1. Transfer pork rind/ chicharon pellets to the paper bag provided inside. * DO NOT USE OR INCLUDE FOIL/PLASTIC CONTAINER.
2. Fold the end of paper bag three times, about one inch per fold.
3. Set the microwave oven at the middle-highest temperature setting between 3 to 6 minutes depending on microwave wattage. For 800 watts, 2-4 minutes; for 700 watts, 4-6 minutes. (check microwave oven wattage)
4. Adjust the time in case of over/under cooking. Sprinkle with salt, flavor or seasoning.
The thick multilayered foil is one of the best and yet cost-effective packaging for food sensitive to rancidity. It is not suitable in microwave so a separate paper for cooking is provided.
I guess deep oil frying can be done if microwave is not available.
Its an assurance of a newly cooked chicharon. The oil resistant paper provided and the microwave method of cooking are very convenient.
The words “export quality” and “no preservatives added” are somewhat too old and have no impact to most consumer. Pork rind itself has a bad reputation, persons avoiding or prohibited from eating such are hard to convince.
The 75 grams raw contents has 8% total fat, in which 9% is saturated, and 7% sodium. The value is not surprising considering it is a pork rind added with pork oil and salt.
The expiry date is a stick-on tag that is very convenient to implement, and perhaps easy to tamper by not so good hearted sellers. I am hoping they could implement indelible expiry date printing soon.
The claimed “tender and crunchy” is subjective. It is, provided that optimum cooking time and temperature are met.
I only see them roaming around public market and I only see them twice a week. Saturdays and Wednesdays – our town public market days. They are carrying a large clear plastic filled with chicharon like product, plastic thrice the size of regular rice sack. On the left hand is a 1.5 L Coke bottle full of chili and vinegar.
It was strange. I have never seen their product in any permanent store establishments. I have never seen it on groceries, sari-sari and supermarkets.
I drove her to town clinic for the third anti-tetanus injection. The clinic is just next to public market and that day was a market day – Wednesday.
I called the vendor and asked what he was selling? He said it was chicharon macaroni. Wow! I thought it was a chicharon baboy or a chicharon bituka. It really looked like a pig small intestines.
How much it cost? Ten pesos per cup. The cup he was using was the bottom of 1.5 L Coke bottle. The height was about 1/4 of the original size.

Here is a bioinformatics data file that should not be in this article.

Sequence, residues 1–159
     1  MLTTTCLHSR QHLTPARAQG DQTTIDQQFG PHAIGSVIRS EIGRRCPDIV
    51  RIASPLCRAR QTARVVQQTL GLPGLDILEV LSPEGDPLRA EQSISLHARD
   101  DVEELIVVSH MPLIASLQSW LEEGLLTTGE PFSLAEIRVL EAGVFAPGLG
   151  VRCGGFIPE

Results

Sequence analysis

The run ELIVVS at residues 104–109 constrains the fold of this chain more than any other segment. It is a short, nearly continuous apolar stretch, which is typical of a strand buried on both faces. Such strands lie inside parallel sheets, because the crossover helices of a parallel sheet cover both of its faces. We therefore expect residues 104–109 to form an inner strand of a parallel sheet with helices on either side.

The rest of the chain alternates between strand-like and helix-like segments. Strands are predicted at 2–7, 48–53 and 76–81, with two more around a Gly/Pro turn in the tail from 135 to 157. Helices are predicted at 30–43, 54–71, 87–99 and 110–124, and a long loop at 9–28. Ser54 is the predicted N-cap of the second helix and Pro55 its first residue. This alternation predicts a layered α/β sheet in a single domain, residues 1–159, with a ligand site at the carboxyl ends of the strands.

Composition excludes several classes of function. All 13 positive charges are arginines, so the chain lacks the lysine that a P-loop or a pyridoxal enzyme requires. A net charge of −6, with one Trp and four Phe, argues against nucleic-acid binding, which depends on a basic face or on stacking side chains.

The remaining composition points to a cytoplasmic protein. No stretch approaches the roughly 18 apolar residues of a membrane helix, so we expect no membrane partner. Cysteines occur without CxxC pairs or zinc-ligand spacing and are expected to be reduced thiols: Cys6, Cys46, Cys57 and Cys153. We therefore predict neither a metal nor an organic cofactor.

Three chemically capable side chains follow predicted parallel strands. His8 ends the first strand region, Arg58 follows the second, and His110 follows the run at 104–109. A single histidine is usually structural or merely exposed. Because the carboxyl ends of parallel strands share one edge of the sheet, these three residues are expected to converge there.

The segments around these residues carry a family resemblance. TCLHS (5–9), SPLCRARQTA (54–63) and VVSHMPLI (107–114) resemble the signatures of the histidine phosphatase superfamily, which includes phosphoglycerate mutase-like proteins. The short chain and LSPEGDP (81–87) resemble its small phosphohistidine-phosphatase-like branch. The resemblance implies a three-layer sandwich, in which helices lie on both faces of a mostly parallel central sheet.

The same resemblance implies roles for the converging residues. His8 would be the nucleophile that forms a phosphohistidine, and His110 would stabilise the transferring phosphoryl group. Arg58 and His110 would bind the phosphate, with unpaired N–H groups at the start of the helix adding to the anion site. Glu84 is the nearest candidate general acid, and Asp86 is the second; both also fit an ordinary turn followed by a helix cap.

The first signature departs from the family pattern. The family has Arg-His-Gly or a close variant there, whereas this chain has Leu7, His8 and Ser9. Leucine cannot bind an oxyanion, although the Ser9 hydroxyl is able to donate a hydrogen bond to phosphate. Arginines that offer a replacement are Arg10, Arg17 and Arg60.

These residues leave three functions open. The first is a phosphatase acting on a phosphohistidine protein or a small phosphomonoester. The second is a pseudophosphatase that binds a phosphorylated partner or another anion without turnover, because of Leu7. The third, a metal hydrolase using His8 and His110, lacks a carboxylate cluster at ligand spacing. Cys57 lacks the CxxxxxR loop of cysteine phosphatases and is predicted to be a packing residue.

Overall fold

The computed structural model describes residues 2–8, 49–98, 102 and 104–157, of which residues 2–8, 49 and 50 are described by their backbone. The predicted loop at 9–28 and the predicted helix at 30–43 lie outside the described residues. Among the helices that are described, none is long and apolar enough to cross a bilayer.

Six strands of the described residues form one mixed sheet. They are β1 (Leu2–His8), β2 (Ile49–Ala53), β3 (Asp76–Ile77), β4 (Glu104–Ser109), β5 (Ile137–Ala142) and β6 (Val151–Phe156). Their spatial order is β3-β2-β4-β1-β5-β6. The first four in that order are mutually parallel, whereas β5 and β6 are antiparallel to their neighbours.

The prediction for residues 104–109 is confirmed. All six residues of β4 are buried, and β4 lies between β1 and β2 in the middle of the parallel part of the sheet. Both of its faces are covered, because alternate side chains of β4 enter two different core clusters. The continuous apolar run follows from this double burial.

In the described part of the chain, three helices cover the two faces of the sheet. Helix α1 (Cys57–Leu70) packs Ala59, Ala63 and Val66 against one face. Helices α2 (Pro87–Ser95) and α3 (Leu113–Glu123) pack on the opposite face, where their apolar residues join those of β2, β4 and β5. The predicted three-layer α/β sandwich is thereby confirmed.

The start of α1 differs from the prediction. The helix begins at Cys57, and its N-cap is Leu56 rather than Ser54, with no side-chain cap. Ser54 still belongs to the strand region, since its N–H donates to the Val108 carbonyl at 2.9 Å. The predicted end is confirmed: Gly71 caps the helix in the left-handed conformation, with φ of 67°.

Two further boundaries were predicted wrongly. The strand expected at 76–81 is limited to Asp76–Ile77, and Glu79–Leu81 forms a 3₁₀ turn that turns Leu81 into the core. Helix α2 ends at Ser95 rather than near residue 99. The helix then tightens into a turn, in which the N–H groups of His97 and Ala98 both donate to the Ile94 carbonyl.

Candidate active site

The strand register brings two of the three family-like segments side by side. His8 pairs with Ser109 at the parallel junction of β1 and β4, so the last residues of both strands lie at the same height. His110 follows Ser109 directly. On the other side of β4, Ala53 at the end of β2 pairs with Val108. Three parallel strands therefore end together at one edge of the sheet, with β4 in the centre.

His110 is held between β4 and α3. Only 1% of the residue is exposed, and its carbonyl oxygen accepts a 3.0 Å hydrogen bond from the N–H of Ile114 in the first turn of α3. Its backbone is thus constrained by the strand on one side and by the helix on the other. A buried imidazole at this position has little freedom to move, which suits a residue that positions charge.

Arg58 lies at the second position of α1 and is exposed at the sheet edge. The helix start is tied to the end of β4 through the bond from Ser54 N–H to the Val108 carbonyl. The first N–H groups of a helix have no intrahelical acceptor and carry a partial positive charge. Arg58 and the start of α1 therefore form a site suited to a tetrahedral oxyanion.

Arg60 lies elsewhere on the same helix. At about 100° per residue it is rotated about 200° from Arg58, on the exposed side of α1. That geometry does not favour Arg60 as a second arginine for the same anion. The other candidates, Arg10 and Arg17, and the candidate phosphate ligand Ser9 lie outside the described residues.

I bought ten pesos. He put my order in cellophane. He gave another cellophane with vinegar.
The flavor? No shocking flavor and aroma. Just bland and crunchy. It was borrowing the hot and spicy flavor of chili and vinegar concoction. I never like eating it without a dip.
It was a chicharon macaroni. I was not able to extract more information. How and where it is made?
Tikman ang sarap ng paboritong chicharron ni Mang Juan. Kikiligin ka sa pinakabago at kasabik sabik na chicharrong nababalot sa asim tulad ng Sukang Paombong. Kaya lasapin ang sarap ng original Pinoy merienda na siguradong swak na swak sa inyong panlasa. Yan ang certified sarap ng Chicharron ni Mang Juan.
I dropped it back after reading the word “Chicharron”. Then my auntie said it is a rival of Marty’s Cracklin and it is more salable. I picked it up again. I read it is a Sukang Paombong no-pork chicharron. I inspected the ingredient list to know more…
It really has no pork or meat of any kind but the long list is disappointing. Some of them cannot be found in my brain’s dictionary. The term sukang paombong was not included in listing. Maybe it is under the natural and artificial flavors – I thought it was one of the main ingredients.
In aspect of sensory properties, I prefer this over Marty’s. The vinegar flavor has a great impact on overall taste.
I asked about this chicharon because it is really nice too look at. A very neat packaging and label. The content, chicharon baboy, looks very clean. The scenario got more interesting whey the staff told me that it contain less fat.
I wonder how they did that! Somebody tell me please!
I bought two 100 grams packs for 60 pesos each. A total of 120 pesos for 200 grams of chicharon. If my memory serves me right, I can acquire this quantity from street vendors and sari-sari store for less than fifty pesos. But if we consider that it contain lesser amount fat, sixty pesos is a good deal.
This chicharon is chrunchy with no hard part as compared to street version. Taste less salty and every piece is fuller.
Available in plain and spicy variants. I only tasted the plain version because the other one is out of stock.
Pork Skin, Iodized Salt and Vegetable Oil.
Pat & Kat
# 285 Brgy. 7 Amaya, Tanza
Tel. No.: (046)437-6387
Cell. No.: (+63)921-7261093
I saw this vegetarian chicharon in magazine I borrowed from my friend. I got a little curious. I bought one to try.
Jump in if you want to make your own vegetarian like this.
The vegetarian chicharon is product of Liwayway Marketing Corp. The Oishi Marty’s Cracklin’.
It is not made of meat, good for those who hate meat! Contains zero trans fat. The main ingredients I see are green peas, tapioca starch and potatoes.
energy – 160 kcalories
saturated fats – 4 g
trans fat – 0 g
cholesterol – 0 g
sodium – 230 mg
total carbohydrates – 80 g
protein – 2 g
The price is 6 pesos for 26 gram pack. I like the taste of this vegetarian chicharon. It posses mild saltiness and unique flavor . I cannot compare the flavor with the real chicharon because they are totally different things.
This video emphasize that Marty’s crackling is not made of pig skin. It is made of vegetables instead.